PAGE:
A few elements stood out about the 2013 American League MVP voting:
-- Miguel Cabrera beat Mike Trout handily (again).
-- Trout is widely understood to be the best overall player in the game (again), a player whose combined impact as a hitter, baserunner and defender is unmatched. A similar player, Pirates center fielder Andrew McCutchen, was the Most Valuable Player in the National League.
-- The Red Sox were widely understood to be the best team in baseball, finishing the regular season with the best record in baseball and then, of course, winning more games than any other team in the playoffs.
-- The Red Sox barely made a ripple in American League MVP voting, with Dustin Pedroia finishing seventh, David Ortiz finishing 10th and a smattering of votes for Jacoby Ellsbury, Koji Uehara and Shane Victorino.
What to take from all of this?
In a way, these four elements are related in a very meaningful way that says something about ideal roster construction. In the same fashion that Trout is widely understood as the best overall player (rather than, for whatever reason, the most valuable), superior to a batter's box force like Cabrera, the Sox' strength was based on a well-rounded model rather than one that had surpassing strength in one area and deficiency in another. This has considerable implications from a team-building standpoint.
For years -- dating to his time as a farm director and assistant general manager -- current Red Sox GM Ben Cherington (and others in the Red Sox front office) has been adamant that the best teams are those that are strong in every area of the game. It's part of the reason (along with a wealth of homegrown depth) why team officials have often viewed the 2007-08 clubs as better than the 2004 team.
Or, thought of in another way: The David Ortiz/Manny Ramirez model, in which the lineup and position playing roster was structured around two hitters of surpassing brilliance -- neither of whom contributed on the field in any other significant way -- has been replaced. In its stead, the Sox still have one of those pillars (Ortiz), but in 2013 surrounded him with players whose diverse skill sets gave the team numerous paths to victory.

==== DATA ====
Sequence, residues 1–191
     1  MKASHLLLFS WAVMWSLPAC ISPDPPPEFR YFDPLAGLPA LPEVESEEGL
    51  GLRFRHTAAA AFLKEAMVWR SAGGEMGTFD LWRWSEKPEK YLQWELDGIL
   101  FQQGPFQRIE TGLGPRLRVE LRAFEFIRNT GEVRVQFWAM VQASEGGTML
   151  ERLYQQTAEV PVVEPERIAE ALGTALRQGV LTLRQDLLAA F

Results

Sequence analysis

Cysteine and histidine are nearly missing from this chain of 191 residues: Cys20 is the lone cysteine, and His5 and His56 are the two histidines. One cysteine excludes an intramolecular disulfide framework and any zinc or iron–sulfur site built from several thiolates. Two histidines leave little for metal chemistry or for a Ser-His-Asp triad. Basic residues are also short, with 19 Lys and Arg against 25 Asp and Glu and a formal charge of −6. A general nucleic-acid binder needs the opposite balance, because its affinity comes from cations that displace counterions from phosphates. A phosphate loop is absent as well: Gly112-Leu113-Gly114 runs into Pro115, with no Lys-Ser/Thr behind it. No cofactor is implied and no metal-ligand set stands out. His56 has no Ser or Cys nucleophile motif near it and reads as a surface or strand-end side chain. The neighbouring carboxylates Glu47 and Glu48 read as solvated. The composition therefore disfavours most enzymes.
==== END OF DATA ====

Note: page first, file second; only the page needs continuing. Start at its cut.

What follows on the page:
Pedroia was offensively limited due to his torn thumb ligament, but he remained a very good player even when he didn't hit thanks to his ability to hit for average, get on base, play outstanding defense and run the bases well.
Victorino went through ebbs and flows offensively, sometimes hitting for average, sometimes hitting for power, sometimes doing neither, but playing elite defense in right field and serving as a difference-maker on the bases.
Ellsbury had more impact on the bases than anyone else in the AL, both with his stolen bases and his ability to push the envelope and advance an extra base at every available turn, and he played very good defense in center to ensure his value regardless of whether he was, as in the first two months of the year, in a significant slump or whether, as was the case from June through the rest of the year, a very good hitter.
For that matter, even Mike Napoli proved a revelation as the team's first baseman, with his striking defensive strides and aggressive but smart baserunning permitting him to maintain value regardless of whether he was in one of his scorching streaks or amidst a considerable slump.
(Interestingly, Napoli ranked 19th in the American League in wins above replacement (WAR) as calculated by Fangraphs -- a controversial metric but one with value in trying to assess the impact of a player's overall game. He finished behind Ellsbury (8th), Victorino (9th) and Pedroia (10th) while placing ahead of Ortiz (21st), whose entire impact was limited to what he did while wielding a bat.)
The Red Sox roster, in a way, represented something of a hybrid of the Cabrera/Trout model. The team had one surpassingly great force in the batter's box, a player who did not match Cabrera's offensive value but who offered a pretty reasonable facsimile in the form of Ortiz, who hit .309/.395/.564 with 30 homers and 103 RBIs. The Red Sox did not have a single player whose impact could compare to that of Trout, but they had a bunch of players who were, in some ways, in his mold: capable of impacting the game offensively, defensively and on the bases.